The Gang of Six and other patriotic skunk works

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Column by Jim Flynn

The term “skunk works” originated in the comic strip “Lil Abner.” It meant a job nobody wanted. The expression morphed into meaning high technology research and development projects done in secret by a small group of scientists or engineers looking for a radical solution to a problem.

A skunk-works group of bi-partisan U.S. Senators have worked diligently behind closed doors for months seeking a formula which might solve the national debt and deficit problem. They’re known as “The Gang of Six.”

At this writing (Saturday, July 23), while there is no agreed solution to the national debt and deficit crisis, we think the Gang of Six merit applause for their statesman-like efforts, despite the political maneuvering going on around them.

There have been other notable skunk works in our history. John Adams, Benjamin Franklin, Thomas Jefferson, Robert Livingston, and Roger Sherman risked their reputations, their possessions, and their lives as members of the Committee of Five which drafted the Declaration of Independence. King George III of England would have lopped off their heads had he known what they were up to.

Because the Senate considers itself a gentleman’s club and has no power to lop off heads, the most serious risks to the Gang of Six have been the displeasure of party leaders and possible anger of voters.

Democrats Mark Warner of Virginia, Dick Durbin of Illinois, and Kent Conrad of North Dakota have been willing to ignore their party’s obsession with deficit spending, borrowing, and more taxation.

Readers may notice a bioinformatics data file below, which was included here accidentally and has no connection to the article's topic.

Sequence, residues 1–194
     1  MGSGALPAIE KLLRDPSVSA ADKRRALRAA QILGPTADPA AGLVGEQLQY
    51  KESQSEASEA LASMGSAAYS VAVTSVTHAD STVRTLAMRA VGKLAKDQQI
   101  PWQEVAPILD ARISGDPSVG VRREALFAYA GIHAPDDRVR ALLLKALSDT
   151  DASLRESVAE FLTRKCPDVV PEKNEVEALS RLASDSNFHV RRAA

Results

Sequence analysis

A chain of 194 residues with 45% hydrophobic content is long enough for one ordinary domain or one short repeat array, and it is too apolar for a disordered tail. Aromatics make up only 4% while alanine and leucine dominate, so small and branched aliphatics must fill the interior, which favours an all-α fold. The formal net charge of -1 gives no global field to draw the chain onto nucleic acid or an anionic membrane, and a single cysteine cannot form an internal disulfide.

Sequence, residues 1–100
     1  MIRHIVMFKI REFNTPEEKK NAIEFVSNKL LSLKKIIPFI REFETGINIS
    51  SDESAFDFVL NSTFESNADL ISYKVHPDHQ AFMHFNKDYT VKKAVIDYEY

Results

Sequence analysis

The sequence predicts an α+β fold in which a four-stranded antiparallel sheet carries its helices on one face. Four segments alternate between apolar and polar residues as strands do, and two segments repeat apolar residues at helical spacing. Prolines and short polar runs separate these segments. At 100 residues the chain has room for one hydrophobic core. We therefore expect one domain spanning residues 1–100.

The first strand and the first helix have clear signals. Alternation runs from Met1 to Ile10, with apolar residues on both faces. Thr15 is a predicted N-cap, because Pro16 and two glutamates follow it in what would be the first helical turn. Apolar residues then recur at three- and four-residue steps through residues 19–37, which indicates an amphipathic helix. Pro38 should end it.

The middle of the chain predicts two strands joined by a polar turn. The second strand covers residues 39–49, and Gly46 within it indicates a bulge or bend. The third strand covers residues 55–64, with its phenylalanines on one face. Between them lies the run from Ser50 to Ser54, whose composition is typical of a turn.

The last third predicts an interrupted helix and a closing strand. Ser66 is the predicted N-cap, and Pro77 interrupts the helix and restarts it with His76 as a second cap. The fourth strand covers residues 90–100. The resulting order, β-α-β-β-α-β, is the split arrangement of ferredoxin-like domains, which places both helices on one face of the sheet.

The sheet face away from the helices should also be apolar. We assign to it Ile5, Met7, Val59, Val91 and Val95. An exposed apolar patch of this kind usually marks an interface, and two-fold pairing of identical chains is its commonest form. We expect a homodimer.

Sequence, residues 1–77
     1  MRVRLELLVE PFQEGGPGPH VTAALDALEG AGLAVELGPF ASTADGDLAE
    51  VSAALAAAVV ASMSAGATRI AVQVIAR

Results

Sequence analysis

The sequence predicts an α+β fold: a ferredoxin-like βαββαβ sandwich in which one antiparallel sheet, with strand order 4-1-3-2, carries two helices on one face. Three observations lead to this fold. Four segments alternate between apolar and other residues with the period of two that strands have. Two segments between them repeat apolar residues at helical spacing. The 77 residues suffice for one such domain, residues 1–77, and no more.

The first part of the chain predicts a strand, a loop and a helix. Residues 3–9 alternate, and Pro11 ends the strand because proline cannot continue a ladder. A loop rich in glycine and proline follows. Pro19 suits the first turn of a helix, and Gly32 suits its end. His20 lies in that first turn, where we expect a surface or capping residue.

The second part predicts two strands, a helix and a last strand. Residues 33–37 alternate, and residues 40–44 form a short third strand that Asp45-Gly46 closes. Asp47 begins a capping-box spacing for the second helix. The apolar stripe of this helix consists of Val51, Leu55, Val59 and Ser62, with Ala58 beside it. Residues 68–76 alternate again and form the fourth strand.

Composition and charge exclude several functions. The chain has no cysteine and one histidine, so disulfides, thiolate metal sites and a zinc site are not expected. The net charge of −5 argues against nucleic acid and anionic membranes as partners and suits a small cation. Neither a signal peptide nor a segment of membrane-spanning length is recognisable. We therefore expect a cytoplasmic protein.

Republicans Saxby Chambliss of Georgia, Mike Crapo of Idaho, and Tom Coburn of Oklahoma have been rubbing their party’s fur the wrong way by considering proposals for tax reform revenue in addition to less spending.

Meanwhile, in between campaign trips President Obama called a succession of meetings with congressional leaders without ever offering up a plan of his own. The White House approach has been “If nothing works, it’s your fault!”

The President’s late and passive participation in the debt/deficit process has been an extension of his indifference to his own Fiscal Responsibility Commission in April. He didn’t even attend the meeting at which they presented their recommendations. Creating a debt and deficit Commission was just re-election campaign showmanship.

Like the Gang of Six, most of the members of the president’s Commission put their patriotic responsibility ahead of their political allegiances. They too deserve some applause for their statesmanship.

Too many Washington politicians equate compromise with cowardice. They are unwilling to risk their cherished “careers in public service” to practice statesmanship. They have forgotten, or never knew, that our Constitution was a compromise , without which there would have been no United States of America.